Variable Sand Snake

Variable Sand Snake, Chilomeniscus straminenus

The Variable Sand Snake, Western Sand Snake, or Banded Sand Snake, Chilomeniscus stramineus, is a member of the Colubridae Family, an enormous family that includes 304 genera and approximately 2,000 species and two-thirds of the global snake population. The Variable Sand Snake, has a stout body with two morphologies, one with 24 to 48 dark brown bands and one without banding. The head is continuous with the thick neck and they have a small upturned eyes with round pupils, valves to block the nasal passages, a flat and wedge-like protruding white to light gray snout, a concaved belly, smooth shiny scales and a deeply inset jaw all of which are useful for burrowing in fine gravel and sand. They are excellent “sand swimmers”. They reside in or near drainages and canyons with loose gravel or sand substrates being a fossorial species that consume a variety of insects including roaches, grasshoppers, and centipedes. The Variable Sand Snake is active at night or during heavy rains, seldom surfacing during the day, and commonly found on desert roads on hot summer nights. Mating occurs in the spring with clutch sizes of up to four eggs. The adult Variable Sand Snake range in size from 17.8 cm (7 inches) to 28 cm (11 inches). They have a very limited distribution being found between Sea Level and 3,000 feet in central and southwest Arizona and Baja California Sur including Cedros and Magdalena Islands in the Pacific and several of the islands in the Sea of Cortez. This snake is nonvenomous and considered harmless to humans. From a conservation perspective they are consider to be of “Least Concern.”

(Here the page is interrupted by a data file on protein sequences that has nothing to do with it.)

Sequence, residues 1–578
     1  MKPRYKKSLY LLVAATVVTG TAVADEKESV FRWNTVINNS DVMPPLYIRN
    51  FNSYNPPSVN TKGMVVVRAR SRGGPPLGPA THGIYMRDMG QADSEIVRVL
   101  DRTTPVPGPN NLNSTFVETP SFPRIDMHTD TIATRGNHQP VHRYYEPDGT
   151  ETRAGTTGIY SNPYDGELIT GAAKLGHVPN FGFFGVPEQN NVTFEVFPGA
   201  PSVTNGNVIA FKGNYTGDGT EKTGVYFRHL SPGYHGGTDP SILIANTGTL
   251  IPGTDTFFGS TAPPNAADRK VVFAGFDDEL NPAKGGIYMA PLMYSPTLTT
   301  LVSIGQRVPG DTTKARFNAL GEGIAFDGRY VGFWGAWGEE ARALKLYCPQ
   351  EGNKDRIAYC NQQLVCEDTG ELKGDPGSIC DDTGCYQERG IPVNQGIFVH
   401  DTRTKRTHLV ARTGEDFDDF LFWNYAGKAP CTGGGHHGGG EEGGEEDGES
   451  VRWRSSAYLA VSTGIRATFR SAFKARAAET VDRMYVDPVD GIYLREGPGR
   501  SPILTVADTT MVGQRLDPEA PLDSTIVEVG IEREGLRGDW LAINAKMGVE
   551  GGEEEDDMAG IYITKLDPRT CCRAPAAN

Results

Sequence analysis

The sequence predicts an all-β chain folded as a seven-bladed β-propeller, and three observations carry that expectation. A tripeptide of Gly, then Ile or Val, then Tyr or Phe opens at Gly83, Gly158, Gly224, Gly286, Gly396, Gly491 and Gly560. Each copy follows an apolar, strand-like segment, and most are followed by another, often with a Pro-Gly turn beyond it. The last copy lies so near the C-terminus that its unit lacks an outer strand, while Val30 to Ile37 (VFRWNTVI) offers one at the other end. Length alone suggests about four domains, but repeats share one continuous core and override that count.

Variable Sand Snake, Chilomeniscus straminenus. This snake was collected from within damp moist sand in a drainage canal in the greater San Jose del Cabo area, Baja California Sur. Length: 25 cm (10.0 inches).

Variable Sand Snake, Chilomeniscus straminenus. This snake was collected from within a residential property in the greater Los Barriles area, Baja California Sur, December 2017. Length: 25 cm (10.0 inches). Collection courtesy of Mike Rousseau, Maple Ridge, British Columbia, Canada. First two photos courtesy of Brad Murakami, Surrey, British Columbia, Canada. Third photo courtesy of Eunice Rousseau, Maple Ridge, British Columbia, Canada.